What is rapid prototyping
Want to gut check an idea for a new user flow, or show potential investors how innovative product features can work? With rapid prototyping, you can create a simple product mock-up to test and validate your design before building it.
Read on to learn more about:
- How your team can benefit from rapid prototyping
- Different types of rapid prototyping
- 3 steps to rapid prototyping, made even easier with Figma
According to Ana Boyer, Designer Advocate at Figma, rapid prototyping helps designers create and test user-centered designs. “Rapid prototyping goes hand in hand with UX research, giving you the feedback you need to build something your users want," she says. "It helps you figure out where key information belongs, and what sequence of a flow makes sense to your users.”
Rapid prototyping can streamline workflows, facilitate communication, and reduce product development risk. “Validating your designs early on with rapid prototyping helps prevent backtracking or repeat work," Ana says.
Rapid prototyping prioritizes speed, so it’s limited in scope—but even a quick mockup can stress-test and improve a product design. The three-step rapid prototyping process is basically a loop that repeats until you’ve got a prototype that resonates with your users. The main steps are:
- Build. Create mock-ups of a design concept or flow, keeping your users’ needs and company’s goals in mind.
- Review. Test your prototype with target users and key stakeholders to learn whether it meets expectations.
- Refine. Adjust the prototype based on the feedback you receive.
Rapid prototyping involves minimal planning, and focuses on designing only the most relevant screens and interactions to validate a flow, feature, or site section.
Rapid prototyping supports agile development, which typically involves one- to two-week sprint cycles. Using agile workflows, teams can whip out a prototype to test and tweak until it’s ready for development.
Rapid prototyping typically comes in three flavors:
- Low-fidelity prototypes include paper sketches and basic digital diagrams. According to Ana, they’re best in early stages, when you’re defining the user experience before creating the design for it. To wireframe designs quickly, check out Ana's helpful video on wireframing in FigJam.
- Medium-fidelity prototypes show key interactions and some design elements in wireframes and workflows. “Medium fidelity is now the default for rapid prototyping, because design systems have become a lot more advanced," Ana notes. "For example, designers can build prototypes by dragging and dropping existing assets onto a canvas in Figma.”
- High-fidelity prototypes are sophisticated UX simulations or fully coded products for user testing or developer handoff. If your design library already has interactive components, you can produce a robust, high-fidelity prototype faster, Ana says. To discover 15 tools that can take your prototype to the next level, check out Ana's article on high-fidelity prototyping.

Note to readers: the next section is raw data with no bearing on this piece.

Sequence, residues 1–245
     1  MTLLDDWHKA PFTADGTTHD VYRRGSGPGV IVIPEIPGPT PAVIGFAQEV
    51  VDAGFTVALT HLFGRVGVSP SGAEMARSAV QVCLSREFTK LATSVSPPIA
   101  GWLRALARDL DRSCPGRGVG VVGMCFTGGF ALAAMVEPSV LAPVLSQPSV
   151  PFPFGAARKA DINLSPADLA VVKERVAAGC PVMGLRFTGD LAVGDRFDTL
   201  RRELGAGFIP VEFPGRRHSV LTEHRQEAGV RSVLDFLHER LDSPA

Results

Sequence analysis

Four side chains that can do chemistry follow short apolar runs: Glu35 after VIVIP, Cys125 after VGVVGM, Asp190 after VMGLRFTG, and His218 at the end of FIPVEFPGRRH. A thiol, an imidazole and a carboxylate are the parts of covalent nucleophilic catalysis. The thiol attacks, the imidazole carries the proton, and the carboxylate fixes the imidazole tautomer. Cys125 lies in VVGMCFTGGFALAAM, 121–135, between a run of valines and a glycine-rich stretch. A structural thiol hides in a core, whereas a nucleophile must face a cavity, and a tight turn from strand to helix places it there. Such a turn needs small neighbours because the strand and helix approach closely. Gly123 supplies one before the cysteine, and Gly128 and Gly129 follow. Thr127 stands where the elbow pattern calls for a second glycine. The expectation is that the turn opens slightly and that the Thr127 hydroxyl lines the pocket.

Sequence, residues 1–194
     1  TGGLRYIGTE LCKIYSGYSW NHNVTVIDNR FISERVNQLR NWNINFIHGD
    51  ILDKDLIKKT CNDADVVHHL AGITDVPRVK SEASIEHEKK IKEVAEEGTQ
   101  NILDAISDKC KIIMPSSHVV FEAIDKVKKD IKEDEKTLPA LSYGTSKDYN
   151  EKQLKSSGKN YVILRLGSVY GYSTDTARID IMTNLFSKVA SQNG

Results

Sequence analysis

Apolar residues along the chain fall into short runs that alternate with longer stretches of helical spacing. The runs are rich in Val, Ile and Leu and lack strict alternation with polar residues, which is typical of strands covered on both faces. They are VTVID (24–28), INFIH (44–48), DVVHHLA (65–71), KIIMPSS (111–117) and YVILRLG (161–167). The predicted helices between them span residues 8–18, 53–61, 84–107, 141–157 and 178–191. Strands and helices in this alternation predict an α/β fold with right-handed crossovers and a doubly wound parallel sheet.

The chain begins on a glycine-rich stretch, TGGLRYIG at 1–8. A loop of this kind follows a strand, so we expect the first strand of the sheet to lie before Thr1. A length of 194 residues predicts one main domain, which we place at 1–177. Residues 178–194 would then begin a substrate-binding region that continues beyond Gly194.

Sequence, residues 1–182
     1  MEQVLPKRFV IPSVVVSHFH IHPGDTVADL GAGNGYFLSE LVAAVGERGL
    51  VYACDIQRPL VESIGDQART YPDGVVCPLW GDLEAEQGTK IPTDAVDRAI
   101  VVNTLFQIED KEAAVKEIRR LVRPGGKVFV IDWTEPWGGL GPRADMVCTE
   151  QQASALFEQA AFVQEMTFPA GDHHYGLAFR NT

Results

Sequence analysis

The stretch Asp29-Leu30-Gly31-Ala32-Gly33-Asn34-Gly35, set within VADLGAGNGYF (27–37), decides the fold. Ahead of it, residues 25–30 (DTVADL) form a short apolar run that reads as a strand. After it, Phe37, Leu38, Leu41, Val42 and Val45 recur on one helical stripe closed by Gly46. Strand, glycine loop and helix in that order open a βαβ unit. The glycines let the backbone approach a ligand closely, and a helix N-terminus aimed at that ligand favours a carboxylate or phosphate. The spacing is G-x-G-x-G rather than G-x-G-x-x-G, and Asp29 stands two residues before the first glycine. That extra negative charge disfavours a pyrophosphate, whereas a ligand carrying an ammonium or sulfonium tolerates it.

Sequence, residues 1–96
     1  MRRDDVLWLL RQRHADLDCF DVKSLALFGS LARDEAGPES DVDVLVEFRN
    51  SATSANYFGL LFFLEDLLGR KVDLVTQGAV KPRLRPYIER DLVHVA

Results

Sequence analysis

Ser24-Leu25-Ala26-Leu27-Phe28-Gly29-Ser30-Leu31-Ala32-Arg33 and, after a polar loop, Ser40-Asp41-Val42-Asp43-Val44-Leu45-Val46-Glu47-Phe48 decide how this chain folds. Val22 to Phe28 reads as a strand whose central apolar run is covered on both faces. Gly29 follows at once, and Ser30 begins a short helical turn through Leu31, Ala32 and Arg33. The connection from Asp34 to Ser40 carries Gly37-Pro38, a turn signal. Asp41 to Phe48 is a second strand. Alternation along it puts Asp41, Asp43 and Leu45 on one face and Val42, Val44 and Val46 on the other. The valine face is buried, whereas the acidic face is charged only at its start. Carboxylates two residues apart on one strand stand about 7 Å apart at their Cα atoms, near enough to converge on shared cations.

- Know your audience. Design your prototypes based on who’s evaluating them. Ana recommends that for user testing, they should look and feel as real as possible. If you're gathering early input from your leadership team, clearly mark your prototypes as works in progress. "Using grayscale design elements without drop shadows will communicate that you are deliberately creating a low-fi prototype," Ana recommends.
- Reduce distractions and information overload. Stay focused on the specific part of the flow you want to validate. "There’s no need to build out the entire user experience when you’re just testing a small part of it," Ana says.
- Work smarter, not harder. Don’t add screens and interactions that aren’t necessary. To prototype even faster, lean on your team’s design library or the Figma community for ready-made components.
- Drag and drop design elements. Grab components from your design library, and quickly transform your static design file into an interactive prototype—no coding required.
- Share your prototype. Give users and key stakeholders a link to your prototype that they can view anywhere they have internet access. Ana recommends organizing your prototypes into flows with clear labels and tags, prompting stakeholders to give you the kind of guidance or feedback you need at key points.
- Collect feedback. Comments added to your prototype will instantly show up on your design file—so that you can iterate on the fly.
The Figma community is a reliable resource for professional design tips and templates to add to your own library. Thousands of designers have used Figma community contributor Nailul Izah's handy wireframes kit, which includes over 50 components.
With Figma, your next prototype may be your best yet.
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